Which Hatfield’s is the Real McCoy?
In the business world, verbal partnerships are notoriously fraught with discord, and Kenny Hatfield, the pitmaster at Hatfield’s BBQ and Blackjacks Beer Garden in Rockport, Texas, recently learned this firsthand. Earlier this year, just six months after opening the restaurant with two friends, he was celebrating the news that his barbecue joint had made it into the Texas Monthly Top 50. Roughly a month after the announcement, the three partners had split two ways.
Before the beef between the two parties, the restaurant seemed to be a relatively successful startup story. Erinn and Joey Lincoln moved to Rockport from Houston, and they wanted to open a beer garden and live music venue. They knew success hinged on securing a good location. This is where Kenny Hatfield came in. The Lincolns had befriended Hatfield, a long time Rockport resident who owned a local furniture store. He showed the couple around town in search of the right spot. He also suggested they might want to invest in improvements on a small building he’d been working on. The small cedar building was an on-and-off project for Hatfield for the past few years. The hope was that it would one day become a barbecue joint. With the building already started they all thought it might be mutually beneficial to go into business together. The Lincolns would run the beer and entertainment side while Hatfield would manage the barbecue side. In November of last year, Hatfield’s BBQ & Blackjacks Beer Garden was born.
A press release announcing the opening of the business from December 4, 2012, identifies Erinn, Joey, and Kenny each as partners. But no parties filed any legally binding partnership agreements.
When the business opened they were tenants on land owned by a local real estate investor. Earlier this year the investor signed a deed of trust giving control of the land to the Lincolns. That deed of trust listed the Lincolns as partners in the business, but not Kenny Hatfield. This left Kenny without any legal right to the business or the property. Once the business received recognition from Texas Monthly for its barbecue, Hatfield sought to secure his position in the business legally. According to a story in the Corpus Christi Caller-Times, he gave the Lincolns three options: He could buy out the Lincolns at double their original investment; he could add his name to the corporate papers and the deed of trust; or he would take his things and leave the business. The Lincolns chose the third option.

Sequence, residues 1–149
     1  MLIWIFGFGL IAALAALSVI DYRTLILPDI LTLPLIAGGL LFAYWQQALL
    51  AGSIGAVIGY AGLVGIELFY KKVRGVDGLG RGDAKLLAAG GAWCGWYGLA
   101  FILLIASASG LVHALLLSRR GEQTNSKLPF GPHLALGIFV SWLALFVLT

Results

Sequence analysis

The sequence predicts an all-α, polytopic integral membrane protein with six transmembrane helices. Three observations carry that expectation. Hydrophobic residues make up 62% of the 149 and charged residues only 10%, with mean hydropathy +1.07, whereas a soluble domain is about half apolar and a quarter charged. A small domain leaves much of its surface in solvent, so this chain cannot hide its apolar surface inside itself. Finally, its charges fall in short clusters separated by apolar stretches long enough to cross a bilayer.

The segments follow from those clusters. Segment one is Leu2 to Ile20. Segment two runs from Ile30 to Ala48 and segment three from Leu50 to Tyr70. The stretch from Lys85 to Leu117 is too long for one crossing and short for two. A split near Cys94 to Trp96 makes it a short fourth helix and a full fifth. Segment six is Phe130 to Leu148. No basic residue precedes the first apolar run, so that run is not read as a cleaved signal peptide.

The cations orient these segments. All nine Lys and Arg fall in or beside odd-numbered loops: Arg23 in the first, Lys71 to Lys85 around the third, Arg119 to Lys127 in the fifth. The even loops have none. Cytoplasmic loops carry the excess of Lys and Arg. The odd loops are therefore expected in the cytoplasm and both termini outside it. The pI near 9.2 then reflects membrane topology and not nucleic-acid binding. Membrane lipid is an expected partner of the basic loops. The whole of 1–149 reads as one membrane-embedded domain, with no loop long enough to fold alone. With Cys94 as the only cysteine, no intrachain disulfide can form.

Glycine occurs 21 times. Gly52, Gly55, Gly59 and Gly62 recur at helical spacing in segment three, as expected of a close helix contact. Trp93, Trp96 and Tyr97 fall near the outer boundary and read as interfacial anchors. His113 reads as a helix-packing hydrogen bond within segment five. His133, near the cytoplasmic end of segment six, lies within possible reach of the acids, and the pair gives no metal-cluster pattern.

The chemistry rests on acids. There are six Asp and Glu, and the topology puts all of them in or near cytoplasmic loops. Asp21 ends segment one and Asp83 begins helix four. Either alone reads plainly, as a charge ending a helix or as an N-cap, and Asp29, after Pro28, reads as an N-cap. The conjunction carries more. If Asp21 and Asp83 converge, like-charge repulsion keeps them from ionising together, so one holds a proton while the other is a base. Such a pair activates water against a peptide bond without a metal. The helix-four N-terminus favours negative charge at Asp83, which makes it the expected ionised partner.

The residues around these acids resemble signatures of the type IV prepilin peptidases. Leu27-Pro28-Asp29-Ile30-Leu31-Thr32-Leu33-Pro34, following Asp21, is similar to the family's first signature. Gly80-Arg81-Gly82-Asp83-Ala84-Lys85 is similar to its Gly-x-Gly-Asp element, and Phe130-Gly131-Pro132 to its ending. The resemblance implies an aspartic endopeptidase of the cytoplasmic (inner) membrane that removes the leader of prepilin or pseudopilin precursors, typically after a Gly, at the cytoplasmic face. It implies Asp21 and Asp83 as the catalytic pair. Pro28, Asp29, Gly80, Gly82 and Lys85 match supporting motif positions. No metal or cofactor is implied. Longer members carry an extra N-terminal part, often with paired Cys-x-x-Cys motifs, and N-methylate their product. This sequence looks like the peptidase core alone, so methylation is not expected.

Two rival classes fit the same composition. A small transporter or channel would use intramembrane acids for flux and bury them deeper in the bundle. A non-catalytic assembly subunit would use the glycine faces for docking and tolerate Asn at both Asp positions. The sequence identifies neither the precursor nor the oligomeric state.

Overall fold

The feud, which involves a lot of he said/they said, left Hatfield without the land or the restaurant and the Lincolns without the pitmaster that developed the meat smoking techniques that landed them on Texas Monthly’s Top 50 list. After the meat was sold out on June 23rd, Hatfield took his pit—which was his before the restaurant was opened, a big boy named “Big Nasty”—and moved it to a new property on Market Street in Rockport. Hatfield was starting over, but this time he would have air conditioning. And no business partners. He named it Hatfield’s BBQ, and it opened this last weekend.
Since news of the feud broke out, both sides have been angling to keep the Top 50 celebrity that comes along with making Texas Monthly’s vaunted list. Kenny has sent a cease and desist letter to the Lincolns to remove his name from their business entirely. The Lincolns say they plan to comply, but they need to revise some permits before that can be completed. Once that’s done branding separation shouldn’t be too difficult. The Lincolns own a website called Blackjacksbeer.com and the Facebook page is for Blackjacks Beer Garden.
So what about the award-winning barbecue? The Lincolns say George Gracia was the original pitmaster and still is. The original press release seems to agree with them, but Kenny says “I taught him how I cook. I taught him everything.” To try for an unbiased observer, I called local reporter Mike Baird who’d done some stories on Hatfield’s BBQ since the Top 50 list was announced. When I asked him which of the two Hatfield’s BBQ locations he would be visiting, he said “Kenny was the guy with the barbecue. It was the best barbecue I’ve ever had.”
We’ll see if that great barbecue makes it over to the new joint on Market Street. “Everybody will see what’s really going on once I open,” says Kenny. Well, I, for one, can’t wait to go down for a taste test.